How Unpainted, Germany's First New Media Art Fair, Plans to Stand Out

How Unpainted, Germany's First New Media Art Fair, Plans to Stand Out
Miguel Chevalier, "Pixels Wave / 8 Ties Hermès," 2012
(Courtesy UNPAINTED, © Miguel Chevalier)

This coming winter, Unpainted will become Germany’s first-ever fair for new media and video art. Located in Munich, the fair is also set to be the city’s most forceful foray yet into the contemporary art market, considering the fact that the German city's other main fair, Highlights, focuses on Old Masters, antiquities, and modern art. Unpainted’s director, Annette Doms, is undeterred by cynics, seeing a vast market for new media among the city’s wealthy tech and media professionals. Certainly, the new media focus is something of a market trend in Germany, with Art Cologne director Daniel Hug also planning to launch a special section for video and new media works at next year's edition of the fair.

All told, Unpainted will host around 50 international galleries, to be announced in October inside the Postpalast, a monumental structure built to house the mail service in 1926 and located near the central station. Recently, Alexander Forbes spoke with Doms about her plans for the fair, Munich’s multifaceted nature, and turning collectors towards technologically oriented art.

Munich isn’t exactly the first German city that comes to mind when you think about new media and video art. What made you chose to launch the fair there?

Admittedly, anyone thinking about Munich might think about Oktoberfest, Bavarian customs and tradition, the Allianz Arena, the Frauenkirche, and the glitteratti of the in-crowd society. In reality, Munich is more than its history, offering a perfect symbiosis between tradition and innovation. Munich and its surrounding areas are home to an unbelievable number of media companies. The Collection Goetz is one of the most well respected video art collections in the world. On the public side: the German electronic music band Kraftwerk recently performed at the Lenbachhaus (2011), Simon Denny showed at the Kunstverein (2013), and there are wonderful galleries and academies in Munich that are open to new approaches. In addition, for a few years now, Hubert Burda Media has put on the internationally renowned DLD – a digital conference, for which global players from the technology and Internet sectors travel annually to Munich.

All of that aside, if you think about Ars Electronica in Linz, the EMAF in Osnabrück, the Videonale in Bonn, the CYNETART Festival in Dresden, you see that it is not a question of location, it's about quality.

Is there an educational or public programming component to bring visitors and collectors alike into the fold?

Yes, of course. The fair will be more than just a sales platform, and won't only reflect the moving image. We begin at the roots, with art made since the first computers were switched on. Algorithmic plotter-drawings will be shown, computer animation, collages, photography, net-art, software art, interactive art, sculpture, etc. We will construct an informative framework, aimed not only at art-world experts, but also at the layperson. A number of international collectors from this field have already said that they will be visiting, or will act as ambassadors in promoting the fair.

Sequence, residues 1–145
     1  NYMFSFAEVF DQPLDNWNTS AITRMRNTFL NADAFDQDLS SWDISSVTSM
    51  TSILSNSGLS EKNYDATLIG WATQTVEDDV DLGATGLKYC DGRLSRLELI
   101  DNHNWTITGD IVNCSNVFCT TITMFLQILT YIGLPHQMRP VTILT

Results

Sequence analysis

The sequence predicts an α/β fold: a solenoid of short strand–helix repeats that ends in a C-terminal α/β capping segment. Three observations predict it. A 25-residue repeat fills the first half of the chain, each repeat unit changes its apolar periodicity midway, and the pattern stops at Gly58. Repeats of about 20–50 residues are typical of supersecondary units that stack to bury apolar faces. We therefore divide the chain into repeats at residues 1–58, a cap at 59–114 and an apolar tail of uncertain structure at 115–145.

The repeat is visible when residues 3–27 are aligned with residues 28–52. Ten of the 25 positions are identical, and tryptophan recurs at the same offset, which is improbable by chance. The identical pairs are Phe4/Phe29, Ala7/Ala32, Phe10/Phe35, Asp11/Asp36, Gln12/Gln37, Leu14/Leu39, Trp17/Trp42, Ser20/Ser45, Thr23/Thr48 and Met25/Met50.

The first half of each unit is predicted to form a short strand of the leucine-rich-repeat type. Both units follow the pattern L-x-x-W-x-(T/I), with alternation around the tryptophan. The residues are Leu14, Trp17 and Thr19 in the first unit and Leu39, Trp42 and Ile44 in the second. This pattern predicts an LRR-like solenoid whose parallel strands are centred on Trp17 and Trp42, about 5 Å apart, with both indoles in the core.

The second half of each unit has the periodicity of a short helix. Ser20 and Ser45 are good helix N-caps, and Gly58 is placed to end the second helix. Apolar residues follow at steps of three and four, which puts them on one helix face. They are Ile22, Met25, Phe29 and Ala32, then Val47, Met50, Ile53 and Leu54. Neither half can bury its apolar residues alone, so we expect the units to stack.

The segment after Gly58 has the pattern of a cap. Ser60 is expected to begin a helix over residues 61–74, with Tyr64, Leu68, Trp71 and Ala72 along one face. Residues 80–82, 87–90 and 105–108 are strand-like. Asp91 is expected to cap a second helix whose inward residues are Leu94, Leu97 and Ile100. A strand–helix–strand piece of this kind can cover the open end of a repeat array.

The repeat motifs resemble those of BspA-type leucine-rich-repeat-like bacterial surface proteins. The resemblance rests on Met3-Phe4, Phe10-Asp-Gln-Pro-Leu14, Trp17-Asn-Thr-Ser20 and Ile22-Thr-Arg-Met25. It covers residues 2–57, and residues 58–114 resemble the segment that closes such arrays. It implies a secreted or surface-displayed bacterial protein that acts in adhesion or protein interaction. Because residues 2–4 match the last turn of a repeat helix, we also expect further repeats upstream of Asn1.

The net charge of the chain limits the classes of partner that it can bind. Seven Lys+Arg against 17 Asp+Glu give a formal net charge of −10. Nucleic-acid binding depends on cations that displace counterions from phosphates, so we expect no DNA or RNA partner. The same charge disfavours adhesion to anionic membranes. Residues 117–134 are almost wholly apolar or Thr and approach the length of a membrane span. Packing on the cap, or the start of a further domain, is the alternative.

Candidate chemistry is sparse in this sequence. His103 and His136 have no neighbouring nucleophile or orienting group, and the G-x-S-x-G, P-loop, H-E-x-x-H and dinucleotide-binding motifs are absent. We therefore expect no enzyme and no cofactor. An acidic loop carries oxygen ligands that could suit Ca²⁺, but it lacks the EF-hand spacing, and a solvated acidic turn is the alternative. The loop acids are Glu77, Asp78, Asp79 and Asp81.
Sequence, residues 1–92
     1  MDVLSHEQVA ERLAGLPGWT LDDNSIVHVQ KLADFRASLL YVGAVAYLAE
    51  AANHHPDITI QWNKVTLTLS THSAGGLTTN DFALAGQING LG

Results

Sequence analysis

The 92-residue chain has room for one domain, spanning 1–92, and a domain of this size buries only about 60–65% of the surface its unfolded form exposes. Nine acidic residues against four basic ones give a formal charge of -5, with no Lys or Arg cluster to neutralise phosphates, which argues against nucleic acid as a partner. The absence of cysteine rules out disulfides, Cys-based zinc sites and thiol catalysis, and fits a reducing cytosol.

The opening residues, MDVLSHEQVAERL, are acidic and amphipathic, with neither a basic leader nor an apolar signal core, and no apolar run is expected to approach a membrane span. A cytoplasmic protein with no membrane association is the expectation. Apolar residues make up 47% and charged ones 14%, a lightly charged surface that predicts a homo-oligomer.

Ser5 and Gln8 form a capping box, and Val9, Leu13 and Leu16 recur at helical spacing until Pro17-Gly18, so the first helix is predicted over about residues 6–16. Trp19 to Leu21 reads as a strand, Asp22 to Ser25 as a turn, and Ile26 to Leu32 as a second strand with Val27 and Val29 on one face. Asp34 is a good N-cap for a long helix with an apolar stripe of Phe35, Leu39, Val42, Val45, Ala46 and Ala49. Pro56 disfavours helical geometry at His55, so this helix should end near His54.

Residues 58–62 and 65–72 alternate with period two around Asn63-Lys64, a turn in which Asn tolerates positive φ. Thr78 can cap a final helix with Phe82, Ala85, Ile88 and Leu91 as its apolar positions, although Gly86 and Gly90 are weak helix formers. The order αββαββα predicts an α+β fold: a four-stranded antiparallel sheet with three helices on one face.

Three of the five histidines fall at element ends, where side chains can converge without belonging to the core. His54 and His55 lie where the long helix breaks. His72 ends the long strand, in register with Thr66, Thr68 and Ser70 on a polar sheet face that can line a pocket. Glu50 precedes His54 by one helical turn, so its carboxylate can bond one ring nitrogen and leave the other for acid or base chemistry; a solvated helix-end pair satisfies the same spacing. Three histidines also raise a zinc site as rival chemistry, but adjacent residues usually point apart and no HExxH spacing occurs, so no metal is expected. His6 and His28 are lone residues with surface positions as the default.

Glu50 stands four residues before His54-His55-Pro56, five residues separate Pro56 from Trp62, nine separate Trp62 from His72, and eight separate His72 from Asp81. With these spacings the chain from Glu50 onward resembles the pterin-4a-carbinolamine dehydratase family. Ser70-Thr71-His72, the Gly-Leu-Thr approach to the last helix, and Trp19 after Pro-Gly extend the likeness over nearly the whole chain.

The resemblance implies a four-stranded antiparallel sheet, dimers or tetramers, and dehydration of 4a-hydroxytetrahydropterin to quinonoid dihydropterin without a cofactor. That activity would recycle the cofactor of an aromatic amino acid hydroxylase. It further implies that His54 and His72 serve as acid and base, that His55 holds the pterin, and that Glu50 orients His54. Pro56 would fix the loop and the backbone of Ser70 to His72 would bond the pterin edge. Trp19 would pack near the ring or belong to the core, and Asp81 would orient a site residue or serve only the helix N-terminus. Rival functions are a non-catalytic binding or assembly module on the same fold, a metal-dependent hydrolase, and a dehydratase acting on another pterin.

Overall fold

Video is also not a medium that’s typically presented at fairs, being perceived as quite a hard sell. Is that something you see changing?

Media Art is the art of today, the art that people will remember in the future. Like anything new, this art needs time to become fully accepted. And yes, the support for new media is limited. But there are collectors, more of them everyday, who are interested in new media and have actively begun to collect it (out of a fascination for the era in which we live or the technology, or out of a belief that current trends will be significant in the future). The next generation of collectors will no longer ask themselves these questions. But we will discuss the key base of collecting new media during the fair.

As I suggested, there won't only be moving images at the fair, but also more conventional forms of media used by artists. These works differentiate themselves from the classic forms in that they came about through the aid of new technologies.

In terms of galleries participating, what can we expect with regard to geographical breakdown and artists presented on the fair?

Since we announced the fair (mid June), applications have primarily come from international galleries (Istanbul, Tel Aviv, Paris, New York). So far, the German reaction has been cautious. That might still change though. Anita Beckers (Frankfurt) and Wolf Lieser with his DAM gallery (Berlin / Frankfurt) will be there with their programs for sure. For the Munich gallery scene we have considered a separate program. Today there are so many good artists working in media art. We'll only be able to show a fraction of these. Rafaël Rozendaal, the Dutch-Brazilian-everywhere-based visual artist and founder of the DIY curatorial platform BYOB (Bring Your Own Beamer), for example, will give us an introduction to